Bugs & Fixes: Recovering lost contacts

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I sync my calendar and contacts data across my Mac and all my iOS devices (iPhone, iPad, and iPod touch) using the MobileMe option. On most days, this works spectacularly well. It means that, whenever I make a data change on any one of the devices, the change is propagated nearly instantly to every other synced device.

This same advantage, however, can occasionally turn around and bite you, leading to a total and potentially irrecoverable disaster. That’s exactly what happened to me.

It all began when I launched my iPhone and discovered that my list of contacts, as stored in the Contacts app, had vanished. The Contacts database was empty!

I quickly surmised that my syncing strategy might precipitate a larger problem here. I was right.

I launched the Address Book application on my Mac. Empty.

I checked the Contacts list at the MobileMe Web site. Empty.

I opened Contacts app on my iPad and iPod touch. Empty. Empty.

I’m still not sure from which device the contacts were first eradicated. But what had happened next is clear: Having deleted all the contacts at one location, MobileMe syncing took over and deleted all the contacts from every other device—leaving me with an unwanted clean slate on all of my synced devices.

What had caused the initial disappearance? I am not certain (although I have my suspicions). I am certain that I did not inadvertently delete the data myself. This symptom is not exactly new; there are numerous references on the Web to similar occurrences due to a variety of causes. None of the suggested causes matched my situation. I was not syncing from Entourage, I had not turned off MobileMe syncing, or done anything else cited.

In situations like this, however, investigating the cause is a luxury for another day. The more pressing question is: How do I get my contacts back?

The answer depends upon what you may or may not have done prior to the disaster. Here are the potential options:

Restore from a Mac backup If you keep regular backups of your Mac’s hard drive, you’re in luck. In my case, I perform a daily mirrored back of my entire drive. This meant that my non-eradicated Address Book data files were still available. To restore the data, I navigated to the Application Support/Address Book folder in the Library of the Home directory on the backup drive. From here, I copied the entire Address Book folder and placed the copy in the matching location on my active startup drive, replacing the same-named folder that was already there.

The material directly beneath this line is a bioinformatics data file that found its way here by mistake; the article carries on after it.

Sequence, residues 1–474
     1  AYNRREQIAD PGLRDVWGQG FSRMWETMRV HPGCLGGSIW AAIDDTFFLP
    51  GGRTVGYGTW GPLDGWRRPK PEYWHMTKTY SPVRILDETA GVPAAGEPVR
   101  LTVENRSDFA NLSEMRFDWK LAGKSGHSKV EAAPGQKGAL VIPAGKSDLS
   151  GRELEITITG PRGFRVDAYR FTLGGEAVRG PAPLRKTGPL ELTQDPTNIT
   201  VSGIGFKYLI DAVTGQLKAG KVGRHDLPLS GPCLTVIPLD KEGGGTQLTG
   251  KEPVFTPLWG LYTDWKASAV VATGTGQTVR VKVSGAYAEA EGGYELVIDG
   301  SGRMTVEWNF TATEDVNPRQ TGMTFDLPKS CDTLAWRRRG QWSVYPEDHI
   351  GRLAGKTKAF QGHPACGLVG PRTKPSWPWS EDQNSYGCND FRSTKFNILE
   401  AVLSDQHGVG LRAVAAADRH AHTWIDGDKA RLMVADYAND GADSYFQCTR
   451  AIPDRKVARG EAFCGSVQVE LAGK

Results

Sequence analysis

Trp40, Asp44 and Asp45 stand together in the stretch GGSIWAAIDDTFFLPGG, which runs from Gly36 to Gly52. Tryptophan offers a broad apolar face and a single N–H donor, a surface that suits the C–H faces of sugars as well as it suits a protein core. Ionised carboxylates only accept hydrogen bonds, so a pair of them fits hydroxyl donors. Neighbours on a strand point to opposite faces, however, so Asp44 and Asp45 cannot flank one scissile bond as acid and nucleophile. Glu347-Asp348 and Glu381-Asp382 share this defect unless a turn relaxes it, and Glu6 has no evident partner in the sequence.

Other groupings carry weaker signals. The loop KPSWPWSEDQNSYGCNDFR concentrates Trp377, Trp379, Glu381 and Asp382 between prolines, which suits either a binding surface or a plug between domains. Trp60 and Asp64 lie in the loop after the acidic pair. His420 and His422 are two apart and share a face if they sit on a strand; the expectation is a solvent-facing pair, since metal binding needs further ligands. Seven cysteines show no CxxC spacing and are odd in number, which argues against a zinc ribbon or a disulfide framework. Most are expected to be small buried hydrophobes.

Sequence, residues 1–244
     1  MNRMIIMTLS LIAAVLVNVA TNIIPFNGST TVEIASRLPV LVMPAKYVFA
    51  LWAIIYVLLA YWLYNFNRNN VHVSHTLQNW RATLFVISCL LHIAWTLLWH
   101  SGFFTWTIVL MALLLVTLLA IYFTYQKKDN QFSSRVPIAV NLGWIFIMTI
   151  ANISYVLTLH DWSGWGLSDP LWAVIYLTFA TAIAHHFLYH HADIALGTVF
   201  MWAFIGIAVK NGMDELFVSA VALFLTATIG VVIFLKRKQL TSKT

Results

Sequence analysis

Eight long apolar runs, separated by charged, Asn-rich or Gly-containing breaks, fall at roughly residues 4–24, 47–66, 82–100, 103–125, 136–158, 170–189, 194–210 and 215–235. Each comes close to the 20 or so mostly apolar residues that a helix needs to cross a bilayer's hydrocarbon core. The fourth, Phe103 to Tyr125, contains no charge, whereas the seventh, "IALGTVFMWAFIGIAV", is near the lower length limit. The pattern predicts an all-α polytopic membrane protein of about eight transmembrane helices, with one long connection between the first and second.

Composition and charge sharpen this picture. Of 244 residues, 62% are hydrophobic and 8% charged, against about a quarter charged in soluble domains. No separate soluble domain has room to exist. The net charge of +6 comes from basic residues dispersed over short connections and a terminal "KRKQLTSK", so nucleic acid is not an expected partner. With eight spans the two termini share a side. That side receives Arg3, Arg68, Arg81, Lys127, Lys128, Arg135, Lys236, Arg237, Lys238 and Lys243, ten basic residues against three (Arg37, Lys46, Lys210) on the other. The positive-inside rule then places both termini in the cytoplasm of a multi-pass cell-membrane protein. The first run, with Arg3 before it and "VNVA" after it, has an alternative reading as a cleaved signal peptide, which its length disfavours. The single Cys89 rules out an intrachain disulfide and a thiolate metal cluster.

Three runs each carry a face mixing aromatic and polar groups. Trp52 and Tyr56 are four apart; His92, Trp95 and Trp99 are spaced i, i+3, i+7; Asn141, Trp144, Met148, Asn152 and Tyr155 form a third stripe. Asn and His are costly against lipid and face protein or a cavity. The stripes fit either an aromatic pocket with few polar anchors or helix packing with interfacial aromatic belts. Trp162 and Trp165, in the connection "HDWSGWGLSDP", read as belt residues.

When I next launched Address Book, my full list of contacts was happily returned. Within minutes, the restored contacts had propagated back to all of my other devices.

But wait! Even with a daily mirrored backup, there is potential for trouble. Newer updated files replace the older ones with each backup. This means that, if a drive backup takes place before you recover the Address Book folder, the backup drive will contain the unwanted “empty” files. Oops.

That’s why you should have a “versioned” backup, such as via Time Machine. This type of backup maintains multiple older versions of files. Although I didn’t need it in this case (as I recovered the files from the mirrored backup before it was too late), I also have an online versioned backup.

Restore from an Address Book archive From the Address Book application, go to the File Menu and select Export -> Address Book Archive. This creates an archive file of your contacts. If needed, you can later use the Import command to reinstall the contacts from the saved file.

This works, of course, only if you have created the archive before disaster strikes. It will also only be as current as the date of your most recent archive.

Restore from iTunes backup file The backup file for your iOS devices, as maintained via iTunes, contains the Contacts data. If you have not done a sync in iTunes since losing the data, you should be able to get it back via a restore. Fortunately, you don’t need to do a complete restore—where you erase the iPhone’s drive and restore everything, including the firmware. Instead, Control-click on the iOS device’s name in the Devices section of iTunes. From the popup menu, select Restore from Backup.

Alternatively, I have seen discussions of how to use a utility, such as iPhone Backup Extractor, to extract the needed data directly from the backup file and subsequently return it to your iPhone. The procedures typically are either overly complex or require a jailbroken device. I recommend avoiding the extraction approach, preferring Restore from Backup instead.

Restore from SIM Contacts? If one of your synced devices is an iPhone, go to Settings -> Mail, Contacts, Calendars and scroll down to the Import SIM Contacts button. Tap it. This will install the contacts contained on your SIM card to the Contacts app.

Unfortunately, this is not likely to be of much help, as the iPhone does not (as far as I know) transfer data from the Contacts app to the SIM card. However, if most of your contacts originally came from a prior import from a SIM card, this could bring them back.

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At a Glance
  • Apple's updated syncing service is a disappointment for PC users.


    • Syncs iPhones to Macs and PCs wirelessly
    • Lets you control one Mac from another


    • More expensive than it should be
    • Frequent syncing problems with Windows
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